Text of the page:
3

Please try Norm[{2, 3} - {2, 1}] this results in 2. Please note: Wolfram Language has an enormous amount of prebuild functions which are available. You can also use dist[{2, 3}, {2, 1}] Hope this helps.


3

Maybe like this? randomfun[r_][{x_, y_}] := Piecewise[{ {{x, y}/2, r == 1}, {{x, y}/3 + {2/3, 0}, r == 2}, {RotationMatrix[Pi/3] . {x, y}/3 + {1/3, 0}, r == 3}, {RotationMatrix[-Pi/3] . {x, y}/3 + {1/2, Sqrt[3]/6}, r == 4}}] randomfun[RandomInteger[{1, 4}]][{x, y}] randomfun[#][{x, y}] & /@ RandomChoice[{1, 2, 3, 4}, 2] NestList[randomfun[...


2

The problem is that NonCommutativeMultiply (**) distributes over Times. That means: a[k] ** u[k]*a[q] is interpreted as: (a[k] ** u[k]) * (a[k] ** a[q]). If you write: a[k] ** (u[k]*a[q]) you get: a[k] ** a[q] u[k] Furthermore, Times has the attribute Orderless. Therefore MMA will rearrange the expression according to its own rules (I think ...


2

I decided to get some quantitative results to this question -- through brute-force. I decided to write my own version of BorderDimensions (calculates borders of a solid color around an image) using Compile. It's non-trivial enough to actually demonstrate the point, but (I hope) small enough to post here. Note that I'm aware that my version could be "...


2

Here’s a couple of interesting methods: f1[x_,y_]:=With[ { $x=x/.Equal[$arg_,$val_]:>$val, $y=y/.Equal[$arg_,$val_]:>$val }, $x^2+$y^3 ] f2[X_,Y_]:=With[ { $x=X/.Equal[$arg_,$val_]:>Rule[$arg,$val], $y=Y/.Equal[$arg_,$val_]:>Rule[$arg,$val] }, ClearAll[$assoc]; $a=Association[{$x,$y}]; $a[x]^2+$a[y]^3 ] Both carry the same syntax: f1[x==5,y==3] ...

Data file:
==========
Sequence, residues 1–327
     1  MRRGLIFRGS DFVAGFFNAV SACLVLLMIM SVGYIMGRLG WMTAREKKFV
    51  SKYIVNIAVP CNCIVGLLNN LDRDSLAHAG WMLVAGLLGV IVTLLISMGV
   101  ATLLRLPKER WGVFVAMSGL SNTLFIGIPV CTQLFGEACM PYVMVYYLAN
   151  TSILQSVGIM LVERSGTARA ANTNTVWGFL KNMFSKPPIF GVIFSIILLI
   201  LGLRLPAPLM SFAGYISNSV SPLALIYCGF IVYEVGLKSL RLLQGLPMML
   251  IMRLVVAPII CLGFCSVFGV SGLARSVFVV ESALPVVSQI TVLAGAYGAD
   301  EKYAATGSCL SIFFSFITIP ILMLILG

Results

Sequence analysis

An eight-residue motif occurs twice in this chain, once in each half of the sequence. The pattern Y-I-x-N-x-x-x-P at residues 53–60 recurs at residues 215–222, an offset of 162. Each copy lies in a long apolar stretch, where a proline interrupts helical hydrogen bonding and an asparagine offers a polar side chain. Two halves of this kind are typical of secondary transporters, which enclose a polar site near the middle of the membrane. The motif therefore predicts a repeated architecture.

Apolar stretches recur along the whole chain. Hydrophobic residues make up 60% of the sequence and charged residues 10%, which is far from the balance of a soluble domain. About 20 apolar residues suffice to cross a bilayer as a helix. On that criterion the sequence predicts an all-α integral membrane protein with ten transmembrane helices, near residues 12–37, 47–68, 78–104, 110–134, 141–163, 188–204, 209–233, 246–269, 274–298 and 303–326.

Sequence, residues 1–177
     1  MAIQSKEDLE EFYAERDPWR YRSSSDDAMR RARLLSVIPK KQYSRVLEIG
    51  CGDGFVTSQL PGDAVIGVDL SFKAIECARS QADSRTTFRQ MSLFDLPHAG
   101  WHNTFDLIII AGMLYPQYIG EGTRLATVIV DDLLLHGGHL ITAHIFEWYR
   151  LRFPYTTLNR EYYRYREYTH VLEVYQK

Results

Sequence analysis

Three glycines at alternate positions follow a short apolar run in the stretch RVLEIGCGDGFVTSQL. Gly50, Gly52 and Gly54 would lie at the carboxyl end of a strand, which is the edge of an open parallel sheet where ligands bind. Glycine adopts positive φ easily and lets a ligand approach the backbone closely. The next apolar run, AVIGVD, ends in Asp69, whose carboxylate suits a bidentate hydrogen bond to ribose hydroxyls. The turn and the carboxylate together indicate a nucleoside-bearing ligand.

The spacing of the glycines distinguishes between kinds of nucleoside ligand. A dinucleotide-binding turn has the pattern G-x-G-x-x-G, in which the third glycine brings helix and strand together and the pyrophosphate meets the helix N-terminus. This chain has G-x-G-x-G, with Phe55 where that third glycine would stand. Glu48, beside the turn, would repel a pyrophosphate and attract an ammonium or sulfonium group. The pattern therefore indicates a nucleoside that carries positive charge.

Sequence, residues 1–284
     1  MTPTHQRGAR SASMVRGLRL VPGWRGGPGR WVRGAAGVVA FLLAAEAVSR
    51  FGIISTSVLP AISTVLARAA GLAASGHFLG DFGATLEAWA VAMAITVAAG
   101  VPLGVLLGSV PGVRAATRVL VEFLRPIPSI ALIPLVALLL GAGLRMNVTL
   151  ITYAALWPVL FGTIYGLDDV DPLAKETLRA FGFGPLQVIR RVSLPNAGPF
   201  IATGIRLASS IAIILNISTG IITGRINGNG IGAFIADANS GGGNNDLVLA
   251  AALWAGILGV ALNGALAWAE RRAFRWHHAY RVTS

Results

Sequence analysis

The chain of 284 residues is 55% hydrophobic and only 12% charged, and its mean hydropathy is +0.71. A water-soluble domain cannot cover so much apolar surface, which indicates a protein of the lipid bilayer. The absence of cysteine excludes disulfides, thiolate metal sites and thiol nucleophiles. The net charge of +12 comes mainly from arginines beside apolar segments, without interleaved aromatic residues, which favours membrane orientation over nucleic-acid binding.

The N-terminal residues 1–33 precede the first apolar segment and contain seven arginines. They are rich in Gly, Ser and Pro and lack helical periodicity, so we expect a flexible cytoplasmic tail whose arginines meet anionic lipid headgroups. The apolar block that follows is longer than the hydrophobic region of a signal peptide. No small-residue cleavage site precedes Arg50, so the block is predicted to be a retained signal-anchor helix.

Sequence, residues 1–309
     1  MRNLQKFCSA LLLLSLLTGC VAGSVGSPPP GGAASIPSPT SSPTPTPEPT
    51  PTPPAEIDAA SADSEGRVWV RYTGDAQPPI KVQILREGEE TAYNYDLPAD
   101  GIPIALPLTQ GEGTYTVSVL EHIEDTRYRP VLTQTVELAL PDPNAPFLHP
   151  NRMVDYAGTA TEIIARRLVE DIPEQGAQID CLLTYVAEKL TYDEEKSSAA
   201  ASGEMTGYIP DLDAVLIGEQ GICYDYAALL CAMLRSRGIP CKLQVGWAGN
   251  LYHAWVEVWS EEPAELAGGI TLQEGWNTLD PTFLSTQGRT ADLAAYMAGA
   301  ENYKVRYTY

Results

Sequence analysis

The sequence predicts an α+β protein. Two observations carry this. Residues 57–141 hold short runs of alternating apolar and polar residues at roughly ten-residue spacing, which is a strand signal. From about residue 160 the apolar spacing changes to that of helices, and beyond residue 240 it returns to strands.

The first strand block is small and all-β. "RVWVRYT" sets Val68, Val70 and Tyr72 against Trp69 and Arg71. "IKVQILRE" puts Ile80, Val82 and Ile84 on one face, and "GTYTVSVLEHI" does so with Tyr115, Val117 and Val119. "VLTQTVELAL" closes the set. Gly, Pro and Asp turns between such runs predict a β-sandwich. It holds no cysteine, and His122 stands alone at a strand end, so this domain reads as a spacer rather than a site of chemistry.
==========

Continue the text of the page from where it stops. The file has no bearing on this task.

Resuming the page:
2

f[x_, y_] := 0 /; Mod[x, π] == 0 && Mod[y, π] == 0 does the trick. Just figured it. Any comments are most welcome.


1

It looks like the definitions for NonCommutativeMultiply don't make it to the parallel kernels. You can test this as follows: CloseKernels[]; Unprotect[NonCommutativeMultiply]; NonCommutativeMultiply[args___] := f[args]; Protect[NonCommutativeMultiply]; Quiet @ LaunchKernels[]; DistributeDefinitions[NonCommutativeMultiply]; ParallelEvaluate[Hold[Evaluate[3 **...


1

NO[Times[x__, y_NonCommutativeMultiply, z___]] := x z NO[y] NO[Times[x___, y_NonCommutativeMultiply, z__]] := x z NO[y] should do the trick in all situations: Depending of the canonical ordering of Times it might not be necessary to include both versions but better save then sorry.


1

You can use a Piecewise definition as well: Clear[f] f[x_, y_] := Piecewise[ {{1/(Sin[x] + Sin[y]), Mod[x, Pi] != 0 || Mod[y, Pi] != 0}}, 0 ] f[2, 3.] (* 0.952002 *) f[Pi, 3 Pi] (* 0 *) f[2, 10 Pi] (* Csc[2] *) f[Pi, 2 Pi] (* 0 *) Here I made the default value $0$ explicit for future code readability, but ...


1

Posting as an answer at the request of the OP There is probably no built-in way to achieve what you want because the result you are after is in general not correct: in order to get it you need to rewrite and reorder the summations, which is only possible under special convergence conditions. That being said, if you are sure beforehand that all your ...